I am reading Solve for Happy by Mo Gawdat and stopped cold yesterday when I read:
Ample research has shown that we tend to think negative – self-critical, pessimistic, and fearful – thoughts more often than positive thoughts. …worrying is the brain’s default position.
WHOA! That is not what I want to read in a quest for being more positive and leading a happy life! But on reflection and more research to confirm the statement, I was somewhat relieved to find that it isn’t just me; it’s the human race that has a negative bent.
I’ve written in past blogs about turning off the news and social media because I’m sick of all of the negative doom and gloom. I begin to feel like I am suffocating in our world. So I unplug and feel better.
Where does the negativity come from?
Brain research indicates that we humans (and all other animals) are hard wired for self-preservation. Cro magnum man needed to react very quickly when the tiger appeared. He developed keen instincts that allowed the species to go forth and multiply. Those instincts are deeply imbedded in the amygdala of our brains. Two thirds of the neurons in that area are always looking for negative events/dangers. This has kept us alive.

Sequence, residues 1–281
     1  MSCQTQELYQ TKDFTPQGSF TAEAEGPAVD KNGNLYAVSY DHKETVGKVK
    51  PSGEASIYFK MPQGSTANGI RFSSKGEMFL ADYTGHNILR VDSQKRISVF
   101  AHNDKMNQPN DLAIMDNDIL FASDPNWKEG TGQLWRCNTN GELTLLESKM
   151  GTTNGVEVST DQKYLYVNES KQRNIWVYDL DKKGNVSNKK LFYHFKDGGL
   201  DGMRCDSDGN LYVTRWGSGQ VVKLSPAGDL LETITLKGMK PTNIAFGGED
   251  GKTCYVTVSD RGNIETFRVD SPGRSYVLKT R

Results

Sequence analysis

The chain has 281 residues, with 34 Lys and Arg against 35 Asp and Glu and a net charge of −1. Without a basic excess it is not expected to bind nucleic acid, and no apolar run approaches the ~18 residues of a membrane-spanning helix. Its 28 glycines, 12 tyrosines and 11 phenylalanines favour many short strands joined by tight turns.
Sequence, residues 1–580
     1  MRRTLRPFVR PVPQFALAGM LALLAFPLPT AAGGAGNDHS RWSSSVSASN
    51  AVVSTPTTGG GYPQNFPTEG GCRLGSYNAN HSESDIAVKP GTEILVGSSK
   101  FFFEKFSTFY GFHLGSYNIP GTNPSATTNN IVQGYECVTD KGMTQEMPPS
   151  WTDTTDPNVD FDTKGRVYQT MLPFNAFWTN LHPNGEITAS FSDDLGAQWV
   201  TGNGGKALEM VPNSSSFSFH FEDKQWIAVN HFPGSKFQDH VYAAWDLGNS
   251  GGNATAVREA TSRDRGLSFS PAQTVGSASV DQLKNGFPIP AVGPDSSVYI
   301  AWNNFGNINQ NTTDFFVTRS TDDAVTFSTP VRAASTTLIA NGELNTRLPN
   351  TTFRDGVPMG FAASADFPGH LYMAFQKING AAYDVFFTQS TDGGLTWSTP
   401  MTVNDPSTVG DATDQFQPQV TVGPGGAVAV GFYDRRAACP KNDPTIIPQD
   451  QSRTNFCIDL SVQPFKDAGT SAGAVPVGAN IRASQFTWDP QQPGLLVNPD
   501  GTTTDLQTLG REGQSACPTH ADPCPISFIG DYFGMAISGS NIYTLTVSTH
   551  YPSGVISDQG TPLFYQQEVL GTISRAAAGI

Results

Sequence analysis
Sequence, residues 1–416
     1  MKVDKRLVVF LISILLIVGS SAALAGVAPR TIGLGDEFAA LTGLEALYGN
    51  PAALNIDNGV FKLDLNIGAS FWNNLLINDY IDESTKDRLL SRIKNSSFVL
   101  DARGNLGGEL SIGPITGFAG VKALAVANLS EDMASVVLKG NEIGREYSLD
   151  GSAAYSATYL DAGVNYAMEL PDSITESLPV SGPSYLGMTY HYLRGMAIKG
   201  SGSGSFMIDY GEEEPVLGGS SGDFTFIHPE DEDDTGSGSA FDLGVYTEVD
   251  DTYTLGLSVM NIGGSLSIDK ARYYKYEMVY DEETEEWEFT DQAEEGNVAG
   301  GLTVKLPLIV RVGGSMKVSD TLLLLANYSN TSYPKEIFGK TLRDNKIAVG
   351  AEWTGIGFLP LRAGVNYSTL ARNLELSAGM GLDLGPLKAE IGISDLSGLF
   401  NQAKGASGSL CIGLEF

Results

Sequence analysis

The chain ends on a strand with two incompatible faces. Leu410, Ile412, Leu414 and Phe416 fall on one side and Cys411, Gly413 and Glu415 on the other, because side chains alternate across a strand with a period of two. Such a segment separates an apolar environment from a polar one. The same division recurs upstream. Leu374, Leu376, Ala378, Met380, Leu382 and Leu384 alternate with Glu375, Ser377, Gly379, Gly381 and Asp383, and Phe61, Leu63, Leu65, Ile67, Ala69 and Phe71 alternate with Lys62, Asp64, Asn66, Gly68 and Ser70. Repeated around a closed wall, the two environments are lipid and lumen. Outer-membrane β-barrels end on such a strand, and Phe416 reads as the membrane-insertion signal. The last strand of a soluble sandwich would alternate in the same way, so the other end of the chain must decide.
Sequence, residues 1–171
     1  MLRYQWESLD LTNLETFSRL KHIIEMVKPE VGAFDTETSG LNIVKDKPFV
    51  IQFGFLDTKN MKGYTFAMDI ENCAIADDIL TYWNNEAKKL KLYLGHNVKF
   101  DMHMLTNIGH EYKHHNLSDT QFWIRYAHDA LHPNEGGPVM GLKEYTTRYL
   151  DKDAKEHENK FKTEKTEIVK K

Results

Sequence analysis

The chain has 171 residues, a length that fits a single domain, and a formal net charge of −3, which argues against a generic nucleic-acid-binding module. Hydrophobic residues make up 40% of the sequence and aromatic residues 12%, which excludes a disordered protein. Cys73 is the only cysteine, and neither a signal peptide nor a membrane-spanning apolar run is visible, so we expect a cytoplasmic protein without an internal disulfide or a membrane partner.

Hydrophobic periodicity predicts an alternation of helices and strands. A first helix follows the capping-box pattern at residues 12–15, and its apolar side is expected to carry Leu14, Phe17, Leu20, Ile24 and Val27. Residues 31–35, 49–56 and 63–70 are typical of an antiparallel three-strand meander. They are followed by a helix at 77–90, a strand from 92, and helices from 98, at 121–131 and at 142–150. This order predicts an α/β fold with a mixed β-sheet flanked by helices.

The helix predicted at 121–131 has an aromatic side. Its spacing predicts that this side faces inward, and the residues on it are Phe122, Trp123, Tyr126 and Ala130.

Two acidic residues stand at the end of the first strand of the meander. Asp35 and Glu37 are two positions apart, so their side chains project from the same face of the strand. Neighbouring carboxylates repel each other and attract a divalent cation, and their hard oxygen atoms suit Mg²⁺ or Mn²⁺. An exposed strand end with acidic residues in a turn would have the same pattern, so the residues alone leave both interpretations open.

Fast forward a few million years and tigers are not an immediate threat to our existence, but our brains keep looking for danger signals and has evolved to:
•. overestimating threats,
•. underestimating opportunities, and
•. underestimating resources
Our brains store more negative experiences than positive experiences. We have to be prepared for what might kill us so that we can avoid those experiences in the future.
It’s a great way to preserve a species but not a good way to develop any quality of life.
We are vulnerable.
Studies have shown that our attitudes are more heavily influenced by bad news than good news.
The brain is like velcro for negative experiences but Teflon for positive ones. (Rick Hanson, UC Berkeley)
I am beginning to understand why people are so attracted to negative news, negative political campaigns, and violence. And the media (which is big business) will always go where the major interests and money are.
We are vulnerable to “paper tiger paranoia”. Threats bombard us every day in every way imaginable.
Are the threats real? Are they imminent? Should we live on constant high alert? Will that make our world a better place? Will we survive the stress on our bodies and our minds?
Is there a better way to live? Can we condition our brains to a positive track that will better fit a fast paced, high technology world of common good rather than self-preservation?
I’m working on it.